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3 Tips for Casino Etiquette

Casinos are a great place to visit, and try to win big... but also a breeding ground for unmannerly behavior. Modern Manners Guy explains when it might be best to fold 'em.

By
Richie Frieman
Episode #310

This past weekend, three friends and I flew to Las Vegas to strike it rich. The American Dream, right? However, the only thing I scored big on was buffets (on a side note, the buffet at The Wynn Casino is probably what heaven is like.) Hardly the “Jackpot lifestyle” I had hoped for.>

Whether you like gambling or not (I, for one, am NOT a big gambler), the one thing I believe everyone can agree with is that casinos are a breeding ground for unmannerly behavior. Not the luxury hotels, glamorous spas, million dollar pools or celebrity restaurants-- I mean the actual casinos themselves. Oh… dear… Lord… where have all the manners gone? So, before you double down on that Jack, check out my top 3 quick and dirty tips for proper casino etiquette.

Tip #1: Know When To Fold Them

In “The Gambler,"  Kenny Rogers sings this very important life lesson: “You've got to know when to hold 'em, know when to fold 'em. Know when to walk away. Know when to run.”  Well, on my recent trip, I had many opportunities to fold and walk away before things went south.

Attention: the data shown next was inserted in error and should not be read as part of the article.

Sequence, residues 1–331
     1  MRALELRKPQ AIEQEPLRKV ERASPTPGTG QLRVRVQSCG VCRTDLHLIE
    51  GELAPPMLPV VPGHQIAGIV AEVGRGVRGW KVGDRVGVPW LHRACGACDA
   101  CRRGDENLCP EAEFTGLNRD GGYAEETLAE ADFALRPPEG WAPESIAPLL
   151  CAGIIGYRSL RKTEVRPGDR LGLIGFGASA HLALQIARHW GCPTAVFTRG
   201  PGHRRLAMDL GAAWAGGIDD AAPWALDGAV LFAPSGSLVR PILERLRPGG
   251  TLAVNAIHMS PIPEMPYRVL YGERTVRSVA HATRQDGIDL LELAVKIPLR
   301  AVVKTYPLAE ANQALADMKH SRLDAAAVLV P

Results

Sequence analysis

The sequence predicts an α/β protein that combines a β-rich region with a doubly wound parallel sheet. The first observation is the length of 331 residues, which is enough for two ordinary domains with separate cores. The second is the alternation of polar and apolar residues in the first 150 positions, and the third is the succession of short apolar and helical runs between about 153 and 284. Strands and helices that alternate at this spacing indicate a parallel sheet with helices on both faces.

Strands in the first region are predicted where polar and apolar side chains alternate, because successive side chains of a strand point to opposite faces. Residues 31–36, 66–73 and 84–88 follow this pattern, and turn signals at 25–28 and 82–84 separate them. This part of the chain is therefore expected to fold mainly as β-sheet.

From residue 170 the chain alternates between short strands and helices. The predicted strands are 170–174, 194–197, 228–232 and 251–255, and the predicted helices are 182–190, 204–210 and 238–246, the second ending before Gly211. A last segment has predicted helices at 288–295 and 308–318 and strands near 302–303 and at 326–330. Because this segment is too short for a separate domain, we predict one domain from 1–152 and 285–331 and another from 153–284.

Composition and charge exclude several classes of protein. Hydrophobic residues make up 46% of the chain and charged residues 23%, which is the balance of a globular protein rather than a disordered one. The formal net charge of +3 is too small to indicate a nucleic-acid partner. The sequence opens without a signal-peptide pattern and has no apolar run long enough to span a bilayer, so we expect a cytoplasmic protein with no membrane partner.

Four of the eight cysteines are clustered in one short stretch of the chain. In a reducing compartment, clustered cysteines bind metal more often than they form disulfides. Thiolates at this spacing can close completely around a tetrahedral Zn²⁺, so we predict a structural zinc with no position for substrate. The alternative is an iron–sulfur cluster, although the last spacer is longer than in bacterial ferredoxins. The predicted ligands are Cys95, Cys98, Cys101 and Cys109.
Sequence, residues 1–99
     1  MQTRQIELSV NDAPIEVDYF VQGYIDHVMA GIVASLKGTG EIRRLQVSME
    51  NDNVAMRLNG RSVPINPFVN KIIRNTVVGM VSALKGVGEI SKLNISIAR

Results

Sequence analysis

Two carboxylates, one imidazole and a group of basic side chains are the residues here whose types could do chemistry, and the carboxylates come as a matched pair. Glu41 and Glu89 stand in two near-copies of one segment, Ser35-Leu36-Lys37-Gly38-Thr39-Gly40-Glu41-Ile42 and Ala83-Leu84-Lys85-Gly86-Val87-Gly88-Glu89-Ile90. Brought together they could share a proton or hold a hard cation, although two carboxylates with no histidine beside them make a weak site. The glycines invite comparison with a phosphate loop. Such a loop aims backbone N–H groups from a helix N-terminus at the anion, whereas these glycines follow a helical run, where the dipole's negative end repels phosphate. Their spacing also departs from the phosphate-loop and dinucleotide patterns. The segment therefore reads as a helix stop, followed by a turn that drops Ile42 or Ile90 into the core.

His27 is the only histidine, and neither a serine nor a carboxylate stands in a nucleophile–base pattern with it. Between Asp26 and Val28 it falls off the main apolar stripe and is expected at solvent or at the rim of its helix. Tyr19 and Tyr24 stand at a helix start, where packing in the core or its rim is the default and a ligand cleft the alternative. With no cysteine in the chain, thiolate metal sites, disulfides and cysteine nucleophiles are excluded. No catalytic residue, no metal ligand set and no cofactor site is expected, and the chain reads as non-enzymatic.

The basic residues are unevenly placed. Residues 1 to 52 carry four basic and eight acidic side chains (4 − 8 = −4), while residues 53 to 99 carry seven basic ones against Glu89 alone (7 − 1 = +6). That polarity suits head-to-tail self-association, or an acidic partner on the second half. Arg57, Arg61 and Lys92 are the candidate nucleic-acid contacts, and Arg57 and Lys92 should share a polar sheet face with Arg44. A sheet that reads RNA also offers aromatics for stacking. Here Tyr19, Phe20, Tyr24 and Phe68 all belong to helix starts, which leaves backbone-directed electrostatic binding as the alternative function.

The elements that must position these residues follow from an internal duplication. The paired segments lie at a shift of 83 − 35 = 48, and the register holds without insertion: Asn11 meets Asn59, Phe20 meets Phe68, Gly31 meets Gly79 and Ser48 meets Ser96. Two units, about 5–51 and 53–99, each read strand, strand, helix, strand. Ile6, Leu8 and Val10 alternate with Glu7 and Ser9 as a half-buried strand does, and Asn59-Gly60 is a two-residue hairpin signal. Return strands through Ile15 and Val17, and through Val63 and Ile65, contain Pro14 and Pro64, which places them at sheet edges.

To me, the highs of winning were nothing close to the lows of losing, so knowing when to walk away was, and is, rather easy for me. I mean, my “limit” of $10 a hand isn’t exactly what they make movies about! I would like to say that I “bet it all” on one hand, or hit the big jackpot on my last dollar, but my life is not a movie. Sorry, Hollywood.

So with a lot of time to kill while others gambled for enormous payouts, I spent my time people-watching, and realized there is a thin line between knowing when to hit on 15 or, as the Gambler says, to “walk away."

Not being a seasoned gambler, my $100 losses aren't as tough to deal with as someone losing $1,000 or $10,000, but a “loss” is still a loss. And it hurts both financially, as well as emotionally. Some would say the latter is more extreme. With that, you have to figure out how willing you are to take the more-likely lows with the rare highs.

So while I was enjoying my complimentary watered-down casino drinks, it dawned on me that many people don’t know that limit. I understand the lure of riches clouds our judgment, but it’s highly improper to believe that in an instant, your life will change, thanks to a casino.  When people forget this fact, they push themselves to dangerous edges, and everything about their demeanor changes. People get madder, get violent even, or worse, lash out at those around them verbally or physically. This is a sign of a more serious problem.

When you witness this, you have to remember what Rogers said and simply, “walk away." If someone around you improperly understands the concept of mature gambling, they will likely not care about your wellbeing. And if you are the one that is caught in the casino’s web of false promises, it’s time to cash your chips, and truly think about your current situation over a calm cup of coffee.

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About the Author

Richie Frieman
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